MONTREAL -- The news before the Pittsburgh Penguins took on the Canadiens Thursday night was more about who wasn't playing.
Penguins captain Sidney Crosby went back to Pittsburgh in the morning to have an upper-body injury he suffered Wednesday night in the Pen's 8-1 win over the Tampa Bay Lightning treated.
Penguins coach Dan Byslma said he didn't think the injury, which wasn't related to the apparent hit to the head Crosby suffered during the Winter Classic on a collision with Washington Capitals forward David Steckel, would be a long-term thing.
Penguins winger Matt Cooke went back to Pittsburgh with Crosby for what the team said were personal reasons.
On the Habs' side, Canadiens general manager Pierre Gauthier announced before the game defenceman Josh Gorges, one of the club's top defenders, would be lost for the rest of the season after it was determined he needed reconstructive surgery on his right knee. Gorges injured his knee on Boxing Day against the New York Islanders.
He joins top defenceman Andrei Markov in the pressbox, also out for the season after reinjuring his knee in mid-November.
"Any time you lose a player, it's a loss, but in the case of Josh, he is a strong leader and great competitor," said Gauthier. "We knew this was coming, especially after Dec. 26 when his knee locked on the ice and that's a very dangerous thing to happen there on Long Island. From that point on, we knew we would have to replace him.
"He'll speak for himself, but he's very disappointed. He wanted to come back, but it's just too dangerous. Our medical people said there's no way you should do that."
Gauthier has been making deals to bolster the blueline, bringing in James Wisniewski from the Islanders Dec. 28 and trading forward Maxim Lapierre to the Anaheim Ducks for defensive prospect Brett Festerling Dec. 31.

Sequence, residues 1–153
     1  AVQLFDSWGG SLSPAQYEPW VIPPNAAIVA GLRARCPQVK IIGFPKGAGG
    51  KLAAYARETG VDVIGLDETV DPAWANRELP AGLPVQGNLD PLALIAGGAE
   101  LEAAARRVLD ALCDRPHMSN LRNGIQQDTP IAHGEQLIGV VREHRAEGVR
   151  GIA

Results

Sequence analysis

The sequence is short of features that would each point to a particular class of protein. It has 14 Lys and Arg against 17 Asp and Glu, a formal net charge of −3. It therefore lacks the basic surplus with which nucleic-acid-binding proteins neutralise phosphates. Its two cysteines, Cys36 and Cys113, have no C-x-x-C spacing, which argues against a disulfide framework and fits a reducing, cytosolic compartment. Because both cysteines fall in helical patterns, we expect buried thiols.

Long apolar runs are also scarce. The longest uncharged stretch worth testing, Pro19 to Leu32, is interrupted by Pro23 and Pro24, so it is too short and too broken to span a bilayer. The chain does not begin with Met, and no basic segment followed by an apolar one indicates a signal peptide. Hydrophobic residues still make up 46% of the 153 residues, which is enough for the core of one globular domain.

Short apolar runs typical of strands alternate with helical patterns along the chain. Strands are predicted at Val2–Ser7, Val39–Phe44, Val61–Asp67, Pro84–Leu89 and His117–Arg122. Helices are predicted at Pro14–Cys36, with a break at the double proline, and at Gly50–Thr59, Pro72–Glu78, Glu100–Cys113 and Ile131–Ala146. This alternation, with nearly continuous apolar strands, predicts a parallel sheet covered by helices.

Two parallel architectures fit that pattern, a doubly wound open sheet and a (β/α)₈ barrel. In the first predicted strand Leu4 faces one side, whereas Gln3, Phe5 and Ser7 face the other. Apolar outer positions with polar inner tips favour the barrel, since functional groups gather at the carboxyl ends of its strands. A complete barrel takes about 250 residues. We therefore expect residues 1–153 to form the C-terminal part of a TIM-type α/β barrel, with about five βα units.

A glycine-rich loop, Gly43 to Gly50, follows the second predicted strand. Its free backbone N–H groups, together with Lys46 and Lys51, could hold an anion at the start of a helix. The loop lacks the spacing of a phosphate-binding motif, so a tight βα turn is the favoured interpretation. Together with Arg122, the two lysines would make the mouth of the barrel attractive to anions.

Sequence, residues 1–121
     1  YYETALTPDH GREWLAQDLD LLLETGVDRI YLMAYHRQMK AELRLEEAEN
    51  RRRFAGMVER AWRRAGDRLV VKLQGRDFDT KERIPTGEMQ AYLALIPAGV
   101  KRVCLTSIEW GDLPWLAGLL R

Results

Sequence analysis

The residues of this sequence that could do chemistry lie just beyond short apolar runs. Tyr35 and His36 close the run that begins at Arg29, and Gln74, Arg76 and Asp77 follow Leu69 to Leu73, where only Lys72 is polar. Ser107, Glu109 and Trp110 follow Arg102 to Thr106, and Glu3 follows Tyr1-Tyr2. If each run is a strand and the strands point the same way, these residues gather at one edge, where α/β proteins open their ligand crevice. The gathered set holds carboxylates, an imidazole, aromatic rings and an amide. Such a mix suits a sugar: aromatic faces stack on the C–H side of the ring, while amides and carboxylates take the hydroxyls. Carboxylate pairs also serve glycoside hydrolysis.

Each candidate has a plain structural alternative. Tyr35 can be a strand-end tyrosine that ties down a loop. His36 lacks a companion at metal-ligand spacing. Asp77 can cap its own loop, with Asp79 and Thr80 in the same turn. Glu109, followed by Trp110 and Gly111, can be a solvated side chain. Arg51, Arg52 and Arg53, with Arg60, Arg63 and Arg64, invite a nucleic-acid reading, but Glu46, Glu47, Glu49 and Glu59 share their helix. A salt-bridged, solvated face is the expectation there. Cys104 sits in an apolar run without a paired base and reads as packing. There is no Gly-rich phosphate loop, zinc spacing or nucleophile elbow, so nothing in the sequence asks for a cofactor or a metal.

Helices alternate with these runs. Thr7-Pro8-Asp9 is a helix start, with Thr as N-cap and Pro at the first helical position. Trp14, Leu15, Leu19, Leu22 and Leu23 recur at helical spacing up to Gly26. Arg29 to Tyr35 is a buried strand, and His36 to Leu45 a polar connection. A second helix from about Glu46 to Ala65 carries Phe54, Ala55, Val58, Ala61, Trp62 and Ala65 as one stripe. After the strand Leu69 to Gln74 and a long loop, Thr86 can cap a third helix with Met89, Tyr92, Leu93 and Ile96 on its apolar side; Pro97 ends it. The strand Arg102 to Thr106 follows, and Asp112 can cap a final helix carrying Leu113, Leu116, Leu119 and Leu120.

"Hopefully we have enough depth, but we'll keep on monitoring that situation," said Gauthier.
Gauthier said he wasn't feeling pressure to make another deal in the runup to the trade deadline Feb. 28.
"I'm not a big fan of the trade deadline. I don't believe in giving up large assets for players that play 15 or 20 games for you that season. It's very tough for players to connect with the team and build some chemistry that quickly. Having said that, you have to keep all your options open and that's what we'll do."
The Canadiens have hit the skids lately and went into Thursday night's game against the Penguins having won only three of their last dozen games after a 18-8-2 start.
"I think our team has had some difficulties lately, but we had a strong start," Gauthier said. "It's going to happen to a lot of teams around the league that you wind up in some kind of slump like that. I was encouraged by the last two games where I thought the guys really started going to the net. The thing that encourages me the most about this team is that you get out of these things as a team, not by pointing fingers at one another.
"This group is all in. That's the key expression. They're all in. They all feel for what's going on and they all want to get out of this and it started in the last two games. We're confident we can keep building on that.
"What I'm looking for is the continued all-in perspective like what we're doing right now. It's as a group they're going to get out of it just like it was as a group they performed very well in the playoffs last year. It's the leadership, it's the character of the club, it's the persistence.
"It's those things I think are all still there. We have an intense team. We play with speed and we're difficult to play against. We've got a group of guys with big hearts."